As of Monday morning, Lorena Independent School District had enrolled one student displaced by Hurricane Harvey, Superintendent Joe Kucera said. But the district is preparing for more and should have a clearer picture of the number of displaced students that might come in after Labor Day, he said.
“At this moment in time, I don’t know it’s a huge issue yet. I think we’ll wait and see,” Kucera said. ”I think everyone’s still surveying the damage. I’m not sure people have made decisions about what they’re going to do.”
Lorena ISD will host a supply drive for Hurricane Harvey victims, Kucera said. The district will collect paper goods, diapers and more to send down to relief areas immediately and school supplies to send later, he said.
Several other area school districts, from Moody ISD to Waco ISD, are also stepping up to help with relief efforts as they wait to see how many displaced students may come in, school officials said.
China Spring ISD will partner with Lorena ISD during a varsity football game Friday in Lorena to collect as much as possible for the American Red Cross’s relief efforts, Superintendent Marc Faulkner said.
And Waco High School student organizations will also be hosting a gently used clothes drive through Friday. Donors are welcome to drop off clothes at the school’s front office, room 206 or class officers or sponsors for the Class of 2018, the National Honor Society or the art club, said Kyle DeBeer, Waco ISD’s new communications executive director.
Midway ISD will host several drop-off locations to collect water, Gatorade and hygiene products for more than 300 evacuees expected to arrive at the Latham Springs Youth Campus near Aquila, district spokeswoman Traci Marlin stated via email Monday.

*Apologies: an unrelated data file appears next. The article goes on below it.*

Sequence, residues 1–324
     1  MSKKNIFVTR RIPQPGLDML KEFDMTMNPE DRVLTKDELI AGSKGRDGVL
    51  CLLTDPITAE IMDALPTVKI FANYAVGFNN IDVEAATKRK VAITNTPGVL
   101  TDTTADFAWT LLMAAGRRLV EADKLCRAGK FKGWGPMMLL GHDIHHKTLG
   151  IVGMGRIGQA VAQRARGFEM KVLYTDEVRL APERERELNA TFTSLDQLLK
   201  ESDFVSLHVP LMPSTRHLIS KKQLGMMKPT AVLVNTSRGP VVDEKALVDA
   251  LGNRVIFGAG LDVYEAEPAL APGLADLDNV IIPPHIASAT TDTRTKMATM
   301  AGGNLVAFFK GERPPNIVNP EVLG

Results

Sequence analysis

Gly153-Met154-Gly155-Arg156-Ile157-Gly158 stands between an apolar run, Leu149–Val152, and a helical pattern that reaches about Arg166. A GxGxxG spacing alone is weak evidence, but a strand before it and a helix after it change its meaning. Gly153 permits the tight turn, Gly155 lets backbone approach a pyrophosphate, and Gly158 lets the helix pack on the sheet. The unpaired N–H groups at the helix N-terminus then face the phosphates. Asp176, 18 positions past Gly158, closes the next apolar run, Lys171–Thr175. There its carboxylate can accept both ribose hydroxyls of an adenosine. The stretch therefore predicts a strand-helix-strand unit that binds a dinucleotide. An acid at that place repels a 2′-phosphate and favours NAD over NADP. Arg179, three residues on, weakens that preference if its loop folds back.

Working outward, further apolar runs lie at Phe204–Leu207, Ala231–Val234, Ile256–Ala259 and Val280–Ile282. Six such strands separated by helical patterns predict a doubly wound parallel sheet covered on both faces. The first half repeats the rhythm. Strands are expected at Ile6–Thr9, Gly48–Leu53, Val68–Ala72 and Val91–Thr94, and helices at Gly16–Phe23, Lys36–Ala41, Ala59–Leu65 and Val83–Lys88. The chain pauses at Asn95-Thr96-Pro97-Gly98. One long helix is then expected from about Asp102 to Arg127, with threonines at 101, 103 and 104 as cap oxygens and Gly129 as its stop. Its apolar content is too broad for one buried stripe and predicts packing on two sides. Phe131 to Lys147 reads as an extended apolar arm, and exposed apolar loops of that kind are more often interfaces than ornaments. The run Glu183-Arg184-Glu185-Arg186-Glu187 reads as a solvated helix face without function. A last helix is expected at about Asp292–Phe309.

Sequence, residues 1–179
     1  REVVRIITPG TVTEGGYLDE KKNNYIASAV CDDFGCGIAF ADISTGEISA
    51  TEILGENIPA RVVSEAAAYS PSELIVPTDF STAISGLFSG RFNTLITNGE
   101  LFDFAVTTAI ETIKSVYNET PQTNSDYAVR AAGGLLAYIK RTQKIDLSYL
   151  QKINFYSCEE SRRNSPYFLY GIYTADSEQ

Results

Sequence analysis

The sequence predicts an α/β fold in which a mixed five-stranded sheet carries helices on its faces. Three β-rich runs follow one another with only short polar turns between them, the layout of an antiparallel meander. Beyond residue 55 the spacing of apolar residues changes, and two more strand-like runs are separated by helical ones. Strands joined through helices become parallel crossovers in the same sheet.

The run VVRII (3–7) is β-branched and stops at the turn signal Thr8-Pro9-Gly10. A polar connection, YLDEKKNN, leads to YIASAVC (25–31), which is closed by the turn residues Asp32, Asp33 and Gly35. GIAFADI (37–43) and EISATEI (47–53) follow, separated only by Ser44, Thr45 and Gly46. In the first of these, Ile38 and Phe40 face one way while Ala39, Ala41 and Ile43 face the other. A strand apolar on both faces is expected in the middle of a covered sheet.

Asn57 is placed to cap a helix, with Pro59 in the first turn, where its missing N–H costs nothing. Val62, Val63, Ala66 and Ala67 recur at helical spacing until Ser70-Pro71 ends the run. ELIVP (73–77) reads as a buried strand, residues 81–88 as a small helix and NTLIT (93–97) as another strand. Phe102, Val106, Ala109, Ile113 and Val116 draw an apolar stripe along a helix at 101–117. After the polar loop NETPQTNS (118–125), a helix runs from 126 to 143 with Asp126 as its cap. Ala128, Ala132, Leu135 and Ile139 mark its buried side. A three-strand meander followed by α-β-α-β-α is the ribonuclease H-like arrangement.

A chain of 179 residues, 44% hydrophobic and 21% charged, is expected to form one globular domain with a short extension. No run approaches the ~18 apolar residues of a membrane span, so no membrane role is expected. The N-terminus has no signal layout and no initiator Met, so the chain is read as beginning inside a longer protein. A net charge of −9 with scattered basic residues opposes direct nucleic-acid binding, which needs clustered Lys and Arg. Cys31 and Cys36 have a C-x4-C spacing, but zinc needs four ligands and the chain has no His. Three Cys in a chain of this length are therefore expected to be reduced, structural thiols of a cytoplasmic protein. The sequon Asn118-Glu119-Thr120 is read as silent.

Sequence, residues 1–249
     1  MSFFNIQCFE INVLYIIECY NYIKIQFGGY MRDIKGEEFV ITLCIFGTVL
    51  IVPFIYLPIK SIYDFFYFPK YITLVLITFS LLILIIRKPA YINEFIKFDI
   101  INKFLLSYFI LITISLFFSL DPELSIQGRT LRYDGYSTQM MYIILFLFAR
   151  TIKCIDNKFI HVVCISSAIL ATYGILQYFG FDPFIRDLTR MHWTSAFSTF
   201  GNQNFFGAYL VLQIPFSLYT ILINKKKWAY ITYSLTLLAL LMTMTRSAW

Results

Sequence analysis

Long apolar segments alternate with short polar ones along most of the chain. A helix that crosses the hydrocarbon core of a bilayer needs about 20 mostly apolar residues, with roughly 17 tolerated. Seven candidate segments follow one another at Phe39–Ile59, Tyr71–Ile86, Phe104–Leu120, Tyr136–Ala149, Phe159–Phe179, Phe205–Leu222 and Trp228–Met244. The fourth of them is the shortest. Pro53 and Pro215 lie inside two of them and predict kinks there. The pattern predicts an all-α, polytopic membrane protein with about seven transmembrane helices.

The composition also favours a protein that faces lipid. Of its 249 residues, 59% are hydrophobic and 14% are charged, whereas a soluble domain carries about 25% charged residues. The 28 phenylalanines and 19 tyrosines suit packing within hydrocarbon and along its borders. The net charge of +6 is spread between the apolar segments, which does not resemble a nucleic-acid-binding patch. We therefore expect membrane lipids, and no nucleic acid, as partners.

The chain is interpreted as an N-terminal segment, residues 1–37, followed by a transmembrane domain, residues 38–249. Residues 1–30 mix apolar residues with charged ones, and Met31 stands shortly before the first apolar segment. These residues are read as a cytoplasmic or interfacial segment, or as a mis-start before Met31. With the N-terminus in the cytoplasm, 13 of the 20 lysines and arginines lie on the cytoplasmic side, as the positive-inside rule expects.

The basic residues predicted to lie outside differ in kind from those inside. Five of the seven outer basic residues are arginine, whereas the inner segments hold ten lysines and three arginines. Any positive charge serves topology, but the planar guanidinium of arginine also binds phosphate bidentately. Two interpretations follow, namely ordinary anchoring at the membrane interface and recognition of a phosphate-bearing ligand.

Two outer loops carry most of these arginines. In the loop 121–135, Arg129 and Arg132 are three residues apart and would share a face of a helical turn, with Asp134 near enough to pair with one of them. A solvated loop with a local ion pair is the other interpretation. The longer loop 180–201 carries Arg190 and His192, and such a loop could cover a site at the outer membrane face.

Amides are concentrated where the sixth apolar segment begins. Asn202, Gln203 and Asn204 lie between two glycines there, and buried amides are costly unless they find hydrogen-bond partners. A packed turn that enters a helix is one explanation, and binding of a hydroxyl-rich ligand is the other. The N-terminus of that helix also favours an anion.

“Midway ISD will very likely be involved in recovery relief with partner school districts once the schools are able to assess what assistance they need,” Marlin stated. “Our community has such a generous heart for those in need; it’s just very early to know where exactly to direct everyone’s good intentions. We are working actively with open lines of communication with multiple Houston and Gulf Coast superintendents. In addition, preliminary plans for donations or volunteer needs are also being discussed with Waco-area companies like Romark who have offered to help.”
More than 250 people arrived Friday and another 145 were en route Monday, said Mike Wilson, CEO of Latham Springs Camp and Retreat Center. Evacuees ranged from five years old to 81 at the facility that has a bed capacity of 900, he said. The center has opened its doors to evacuees during past hurricanes, he said. Local churches are donating water, hygiene items, and other supplies to those who have arrived with nothing but the clothes on their back, he said.